Not everyone who goes to jail is rehabilitated, but in Tinnon's timeline, there is a clear before-and-after delineation. Every step following his release in July 2008 has been positive. He took a full-time, second-shift job (albeit one skinning meat) and spent mornings working on his diploma, graduating from East in January 2009. And Robin believed in him enough that when the Kansas City Kansas Community College opportunity presented itself, she told him to seize it. "She sacrificed her own plan," Tinnon says, "and told me to chase my dream, because it was so close."
Denny took Tinnon down to audition that summer, and Bill Sloan, the assistant coach at KCKCC, said it took him all of five minutes to be convinced. Tinnon accepted a scholarship, Robin gave birth to Denyah on July 7, married Tinnon on July 31, and they were all living together in a Kansas City apartment by mid-August. Tinnon suddenly had so much depending on him, that he could not risk failing. He played with such purpose that he and Denny were KCKCC's co-MVPs in '09-10, and then as a sophomore, Tinnon exploded, averaging 23.4 points and 13.4 rebounds, and establishing himself, in Sloan's words, "as the best player in our program's history."
Herrion first saw Tinnon at Jerry Mullen's juco showcase camp in Tulsa, Okla., in the summer of 2010. The Marshall coach was entering his first season, desperately needed low-post help, and had received a tip on Tinnon from a friend in Kansas City. "I didn't have high expectations," Herrion said, "but when I watched Dennis' first game, he was so lights-out -- he chased down every ball -- that I called my assistants and told them, 'This is the guy we've got to have.'" Herrion led the recruitment, and the Herd eventually signed Tinnon and one of his showcase teammates, Robert Goff, who now make up Marshall's starting frontcourt. Goff was welcome to the idea of reuniting with Tinnon in college, he says, "because he was an animal at that camp. He barely let me get any rebounds."
At Marshall, Tinnon, Robin and Denyah -- who's old enough to yell "Go Herd!" at games -- live in an apartment 15 minutes away from campus, decorated with their family photos and mementos from KCKCC. His mother, who missed most of his high school games, now checks in regularly from Milwaukee with her own scouting reports on upcoming opponents. Tinnon has been scoring with high efficiency (shooting 53.8 percent from the field and 83.7 percent from the line) and filling box scores with crooked rebounding numbers (15 against Syracuse, 19 against UAB). Scouts are starting to take notice of him as either a dark horse second-rounder or high-level European prospect, and Tinnon is playing with great urgency, because his college career is in danger of being cut short.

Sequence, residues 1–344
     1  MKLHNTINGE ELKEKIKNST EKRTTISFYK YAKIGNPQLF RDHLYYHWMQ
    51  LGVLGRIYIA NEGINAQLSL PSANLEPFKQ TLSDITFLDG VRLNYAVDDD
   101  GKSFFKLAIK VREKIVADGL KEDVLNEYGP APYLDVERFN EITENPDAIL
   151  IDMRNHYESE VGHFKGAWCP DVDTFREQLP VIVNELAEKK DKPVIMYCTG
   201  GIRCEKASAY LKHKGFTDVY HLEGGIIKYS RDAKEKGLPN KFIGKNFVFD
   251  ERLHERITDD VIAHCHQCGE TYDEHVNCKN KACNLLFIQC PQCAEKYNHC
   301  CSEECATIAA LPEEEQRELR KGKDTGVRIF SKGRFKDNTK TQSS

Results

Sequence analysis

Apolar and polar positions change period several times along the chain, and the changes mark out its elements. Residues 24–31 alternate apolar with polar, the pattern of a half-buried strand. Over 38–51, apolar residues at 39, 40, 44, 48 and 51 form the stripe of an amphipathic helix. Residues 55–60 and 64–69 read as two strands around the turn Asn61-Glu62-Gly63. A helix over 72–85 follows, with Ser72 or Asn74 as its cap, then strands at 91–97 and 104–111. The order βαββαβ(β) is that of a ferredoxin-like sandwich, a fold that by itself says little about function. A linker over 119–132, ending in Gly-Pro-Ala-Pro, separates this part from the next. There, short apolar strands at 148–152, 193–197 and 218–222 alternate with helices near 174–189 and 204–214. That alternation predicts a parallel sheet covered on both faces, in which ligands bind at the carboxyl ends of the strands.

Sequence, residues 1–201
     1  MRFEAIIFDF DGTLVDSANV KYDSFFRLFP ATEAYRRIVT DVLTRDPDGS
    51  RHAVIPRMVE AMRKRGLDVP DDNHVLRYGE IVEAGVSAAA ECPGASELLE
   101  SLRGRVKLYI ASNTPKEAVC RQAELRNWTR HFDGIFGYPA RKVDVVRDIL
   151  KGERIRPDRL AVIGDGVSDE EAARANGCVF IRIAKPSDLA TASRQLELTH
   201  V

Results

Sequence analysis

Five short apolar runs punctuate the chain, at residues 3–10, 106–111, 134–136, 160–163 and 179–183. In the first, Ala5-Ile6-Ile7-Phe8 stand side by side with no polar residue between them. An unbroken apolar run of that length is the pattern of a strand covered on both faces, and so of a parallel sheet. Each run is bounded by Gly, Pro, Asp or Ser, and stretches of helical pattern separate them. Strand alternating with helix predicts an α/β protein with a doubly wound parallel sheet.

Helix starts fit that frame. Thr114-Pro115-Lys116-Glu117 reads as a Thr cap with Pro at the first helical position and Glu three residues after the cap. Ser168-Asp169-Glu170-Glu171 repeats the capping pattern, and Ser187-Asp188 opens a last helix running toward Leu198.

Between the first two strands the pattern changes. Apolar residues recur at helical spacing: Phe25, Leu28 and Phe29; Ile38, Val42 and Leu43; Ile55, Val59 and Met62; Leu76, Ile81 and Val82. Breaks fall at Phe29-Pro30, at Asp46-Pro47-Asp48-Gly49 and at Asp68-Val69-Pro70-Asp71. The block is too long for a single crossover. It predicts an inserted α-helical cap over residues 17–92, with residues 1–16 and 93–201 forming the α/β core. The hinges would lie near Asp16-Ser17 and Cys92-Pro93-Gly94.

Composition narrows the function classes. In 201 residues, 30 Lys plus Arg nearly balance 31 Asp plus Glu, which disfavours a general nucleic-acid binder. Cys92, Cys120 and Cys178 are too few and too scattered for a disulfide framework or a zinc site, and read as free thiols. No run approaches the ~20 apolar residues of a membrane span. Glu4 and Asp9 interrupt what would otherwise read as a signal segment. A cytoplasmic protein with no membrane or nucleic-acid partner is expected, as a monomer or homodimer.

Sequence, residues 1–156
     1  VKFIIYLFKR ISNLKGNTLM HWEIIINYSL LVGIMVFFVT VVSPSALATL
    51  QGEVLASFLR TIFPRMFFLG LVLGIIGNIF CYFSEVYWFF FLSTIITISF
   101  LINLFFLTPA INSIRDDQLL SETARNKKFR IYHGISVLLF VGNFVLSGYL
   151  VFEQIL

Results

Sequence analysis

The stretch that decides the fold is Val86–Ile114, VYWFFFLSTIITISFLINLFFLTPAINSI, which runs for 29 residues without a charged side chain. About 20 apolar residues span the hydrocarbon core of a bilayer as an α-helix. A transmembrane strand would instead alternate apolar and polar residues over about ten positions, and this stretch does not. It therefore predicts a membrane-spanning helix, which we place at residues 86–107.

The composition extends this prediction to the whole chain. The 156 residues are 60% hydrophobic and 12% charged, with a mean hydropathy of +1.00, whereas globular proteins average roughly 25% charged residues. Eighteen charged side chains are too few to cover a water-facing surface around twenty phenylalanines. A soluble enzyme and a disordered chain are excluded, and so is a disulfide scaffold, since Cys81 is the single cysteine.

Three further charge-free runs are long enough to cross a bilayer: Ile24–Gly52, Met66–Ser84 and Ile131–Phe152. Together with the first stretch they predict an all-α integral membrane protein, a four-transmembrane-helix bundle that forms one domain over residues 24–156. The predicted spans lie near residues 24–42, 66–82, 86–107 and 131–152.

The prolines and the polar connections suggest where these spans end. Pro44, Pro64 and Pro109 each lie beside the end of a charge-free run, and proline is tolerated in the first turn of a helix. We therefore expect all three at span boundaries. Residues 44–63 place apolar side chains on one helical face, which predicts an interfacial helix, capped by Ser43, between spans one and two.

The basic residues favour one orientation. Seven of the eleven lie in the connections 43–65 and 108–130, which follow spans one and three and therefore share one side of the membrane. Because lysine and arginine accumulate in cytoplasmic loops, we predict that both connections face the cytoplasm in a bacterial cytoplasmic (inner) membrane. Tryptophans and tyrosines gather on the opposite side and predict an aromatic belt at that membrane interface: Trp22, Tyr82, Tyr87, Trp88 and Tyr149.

Tinnon had no idea at the time, but his enrollment at Williston State in 2007 -- despite the fact he never played, or was even a high school graduate -- started his NCAA "clock," which stipulates that a player has five years to complete his four seasons of eligibility. When Tinnon was being recruited out of KCKCC, some schools backed off once they realized that without a waiver from the NCAA, his clock would expire at the end of this season. Marshall deemed Tinnon worth the risk, and plans to appeal for another year, but has yet to submit its final waiver request to the NCAA. "It's taken me so long to get to this level," says Tinnon, "and it's scary to think that when the season ends, our life could have to change again. We're just sitting here waiting, knowing that this could be it."
Tinnon's clock started when he was a different person. He had nothing to play for at Williston, and he accomplished nothing; he has everything to play for at Marshall, and he is thriving. When he pulls down a rebound and pins it to his chest, right there, underneath his jersey, are tattoos of the names Robin and Denyah. "It's been my dream," he says, "to be a big part of my daughter's life; to get drafted and have a basketball career so I can take care of her, and give her everything that I never had."
Some pro team, whether it be this year or next, here or abroad, should be willing to pay Tinnon for his relentless glasswork. If not, he has fallback options, with an associate degree and a bachelor's in progress. He says he'd even go back to his fresh-out-of-jail job if everything else fell apart and it was the only way to support his family. Not that he'd let things get that bad again. Even now, when he clenches his fist, he can still feel the misery of that meat hook in his hand, and remind himself to keep a fierce grip on his last chance.